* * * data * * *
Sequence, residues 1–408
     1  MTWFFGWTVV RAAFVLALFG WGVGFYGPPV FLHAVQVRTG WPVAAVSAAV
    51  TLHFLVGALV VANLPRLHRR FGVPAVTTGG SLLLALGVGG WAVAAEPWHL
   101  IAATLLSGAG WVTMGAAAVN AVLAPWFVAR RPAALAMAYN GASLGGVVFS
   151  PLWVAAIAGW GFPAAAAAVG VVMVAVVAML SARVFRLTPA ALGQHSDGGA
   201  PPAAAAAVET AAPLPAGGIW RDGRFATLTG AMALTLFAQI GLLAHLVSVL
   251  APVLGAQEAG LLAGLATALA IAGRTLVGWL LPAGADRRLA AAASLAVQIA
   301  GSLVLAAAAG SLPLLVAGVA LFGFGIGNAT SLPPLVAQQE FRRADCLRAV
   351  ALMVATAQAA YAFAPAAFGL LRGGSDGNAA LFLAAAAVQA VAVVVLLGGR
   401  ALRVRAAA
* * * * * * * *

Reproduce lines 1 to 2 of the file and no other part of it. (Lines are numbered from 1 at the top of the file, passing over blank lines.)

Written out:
Sequence, residues 1–408
     1  MTWFFGWTVV RAAFVLALFG WGVGFYGPPV FLHAVQVRTG WPVAAVSAAV